3 Principles of life learned through skateboarding

 

(Yes, this is me in the picture)

This idea stemmed from being able to predict and catch a kickflip as it flips upwards. This has taught me a few principles in my life.

One of which is the experience required to achieve true understanding. Without smashing my shins hundreds of times and exhausting all the negative and positive outcomes, I would not have discovered the most effective and efficient way to do the kickflip. I now understand that I need to jump ahead of my board to catch it as it comes up to my feet, opposed to flipping it and then falling back on top of the board. This is the difference between experience vs inexperience. I learned through seven years of skateboarding that it could take up to seven years or more for an idea to manifest.

Another principle I have learned through kickflips is that planning is very important. Planning to be successful in a trick leads to the dissection of a trick. I obsess over it and never settle until I land it 300 times, planning each trick from the beginning to the end. Carrying this principle into my life yielded great results. I learned to control my irrational decisions better, albeit not perfectly. I now understand that I must work towards something, no matter the significance of the outcome. Even if I land the trick with my toes, it’s still a land. Just try again and make it better. Just like these blog posts, I kinda like how I format it. Once I give it a week and review it, I’m horrified by my lack of experience, haha.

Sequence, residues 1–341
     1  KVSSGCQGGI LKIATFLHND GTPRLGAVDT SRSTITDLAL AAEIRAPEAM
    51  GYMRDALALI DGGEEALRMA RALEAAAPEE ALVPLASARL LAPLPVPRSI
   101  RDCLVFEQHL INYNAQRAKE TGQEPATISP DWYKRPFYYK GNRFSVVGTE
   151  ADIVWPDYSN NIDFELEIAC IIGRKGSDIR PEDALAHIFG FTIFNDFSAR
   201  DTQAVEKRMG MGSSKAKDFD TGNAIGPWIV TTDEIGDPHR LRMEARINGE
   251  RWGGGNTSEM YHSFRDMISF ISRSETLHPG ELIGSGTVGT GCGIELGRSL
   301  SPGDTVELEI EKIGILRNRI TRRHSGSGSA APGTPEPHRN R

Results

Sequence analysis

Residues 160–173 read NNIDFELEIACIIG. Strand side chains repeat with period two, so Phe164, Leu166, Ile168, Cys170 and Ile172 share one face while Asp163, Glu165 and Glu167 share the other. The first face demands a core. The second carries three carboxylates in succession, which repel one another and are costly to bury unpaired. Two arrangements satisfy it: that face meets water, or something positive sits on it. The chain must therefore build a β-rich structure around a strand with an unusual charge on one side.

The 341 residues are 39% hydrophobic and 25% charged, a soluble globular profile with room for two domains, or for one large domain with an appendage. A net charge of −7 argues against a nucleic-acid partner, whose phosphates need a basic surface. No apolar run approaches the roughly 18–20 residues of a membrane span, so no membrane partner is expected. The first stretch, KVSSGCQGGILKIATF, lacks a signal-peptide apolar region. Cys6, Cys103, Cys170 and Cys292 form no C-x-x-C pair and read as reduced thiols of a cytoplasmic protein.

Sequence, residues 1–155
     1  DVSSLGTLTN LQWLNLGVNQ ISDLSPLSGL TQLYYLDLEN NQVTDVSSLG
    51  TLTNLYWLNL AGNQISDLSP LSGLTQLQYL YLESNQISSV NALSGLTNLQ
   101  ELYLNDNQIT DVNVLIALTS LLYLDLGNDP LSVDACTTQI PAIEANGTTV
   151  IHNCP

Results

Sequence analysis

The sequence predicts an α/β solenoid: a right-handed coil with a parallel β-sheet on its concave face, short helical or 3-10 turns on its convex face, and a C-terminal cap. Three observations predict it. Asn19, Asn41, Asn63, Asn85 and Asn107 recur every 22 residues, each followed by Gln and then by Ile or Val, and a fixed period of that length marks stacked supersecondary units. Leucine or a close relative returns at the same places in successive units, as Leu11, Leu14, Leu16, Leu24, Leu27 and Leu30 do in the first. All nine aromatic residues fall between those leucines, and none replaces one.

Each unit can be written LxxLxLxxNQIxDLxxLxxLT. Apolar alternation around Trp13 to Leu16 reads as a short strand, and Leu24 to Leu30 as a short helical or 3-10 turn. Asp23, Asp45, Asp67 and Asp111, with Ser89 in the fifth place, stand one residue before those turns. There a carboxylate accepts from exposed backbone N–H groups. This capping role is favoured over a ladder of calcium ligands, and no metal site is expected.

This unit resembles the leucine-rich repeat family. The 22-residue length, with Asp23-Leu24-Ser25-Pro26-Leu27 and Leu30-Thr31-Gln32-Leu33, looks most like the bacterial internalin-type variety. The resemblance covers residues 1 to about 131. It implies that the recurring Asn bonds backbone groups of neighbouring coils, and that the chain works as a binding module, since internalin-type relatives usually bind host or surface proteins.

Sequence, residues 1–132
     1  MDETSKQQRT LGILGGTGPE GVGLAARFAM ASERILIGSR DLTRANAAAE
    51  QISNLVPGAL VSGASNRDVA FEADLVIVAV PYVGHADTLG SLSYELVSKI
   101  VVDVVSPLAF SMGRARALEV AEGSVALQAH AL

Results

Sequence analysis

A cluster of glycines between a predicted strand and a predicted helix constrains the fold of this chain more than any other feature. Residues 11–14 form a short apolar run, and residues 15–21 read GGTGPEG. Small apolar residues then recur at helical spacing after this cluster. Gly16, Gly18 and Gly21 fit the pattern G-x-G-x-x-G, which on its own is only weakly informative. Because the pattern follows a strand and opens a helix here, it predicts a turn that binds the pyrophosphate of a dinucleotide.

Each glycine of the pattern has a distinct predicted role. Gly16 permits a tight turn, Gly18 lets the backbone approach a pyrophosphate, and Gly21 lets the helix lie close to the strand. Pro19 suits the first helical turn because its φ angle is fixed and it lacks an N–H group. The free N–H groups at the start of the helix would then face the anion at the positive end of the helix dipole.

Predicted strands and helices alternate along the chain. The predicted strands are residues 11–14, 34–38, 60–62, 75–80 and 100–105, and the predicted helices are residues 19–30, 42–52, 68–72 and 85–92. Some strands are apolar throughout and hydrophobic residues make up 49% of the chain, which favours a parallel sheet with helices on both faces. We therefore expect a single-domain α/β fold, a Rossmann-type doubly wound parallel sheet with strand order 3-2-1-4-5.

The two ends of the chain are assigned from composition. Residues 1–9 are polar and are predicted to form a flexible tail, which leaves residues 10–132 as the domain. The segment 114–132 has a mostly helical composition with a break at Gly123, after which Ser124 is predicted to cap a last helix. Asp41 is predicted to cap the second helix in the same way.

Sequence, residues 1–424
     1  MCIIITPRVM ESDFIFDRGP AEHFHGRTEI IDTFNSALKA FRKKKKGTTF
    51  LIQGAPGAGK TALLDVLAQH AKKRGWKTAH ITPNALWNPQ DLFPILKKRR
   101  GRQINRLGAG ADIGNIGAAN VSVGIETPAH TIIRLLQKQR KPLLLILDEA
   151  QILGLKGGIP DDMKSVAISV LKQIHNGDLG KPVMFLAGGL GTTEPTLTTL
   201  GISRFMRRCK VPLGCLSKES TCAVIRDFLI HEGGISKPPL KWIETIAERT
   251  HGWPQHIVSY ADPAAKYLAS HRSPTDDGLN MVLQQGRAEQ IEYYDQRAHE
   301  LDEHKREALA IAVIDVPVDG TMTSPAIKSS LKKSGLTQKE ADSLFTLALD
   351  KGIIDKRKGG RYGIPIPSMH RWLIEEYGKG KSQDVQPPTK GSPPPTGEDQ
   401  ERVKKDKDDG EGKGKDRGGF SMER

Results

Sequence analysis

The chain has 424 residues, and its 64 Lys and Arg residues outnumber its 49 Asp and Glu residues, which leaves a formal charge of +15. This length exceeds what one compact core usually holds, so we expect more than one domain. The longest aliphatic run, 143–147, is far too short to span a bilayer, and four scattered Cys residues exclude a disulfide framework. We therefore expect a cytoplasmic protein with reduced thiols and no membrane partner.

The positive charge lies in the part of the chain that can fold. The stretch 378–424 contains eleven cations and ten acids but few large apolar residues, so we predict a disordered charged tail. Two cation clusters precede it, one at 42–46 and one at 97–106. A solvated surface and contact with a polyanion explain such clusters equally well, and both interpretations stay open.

Which leads to the last major principle that I’ve learned. At the end of the day, whether or not I have been successful, my life is now changed forever, as long as I am consistently passionate for what I am doing, even if I did not have a satisfactory skate session. I will take the “L” and move on. I think about why certain things didn’t work; I take a break from it. During my next approach, I’ll have a better strategy. Lately, before my ankle sprain, I was learning tricks relatively quickly because of this. I took skateboarding less seriously and focused on what I wanted to do. I had a new strategy each time I thought of something new. Deconstruct and reconstruct tricks to make sense of it, then adapt my body to finesse those tricks. In translation, “Deconstruct and reconstruct goals to make sense of it. Then adapt my mentality to finesse those achievements.”

Welp, that’s it for now! I’m sure there’s a lot more I learned through skateboarding that I’ve applied to life, philosophies and such. Thanks for reading, I hope you all have an incredible week!

 

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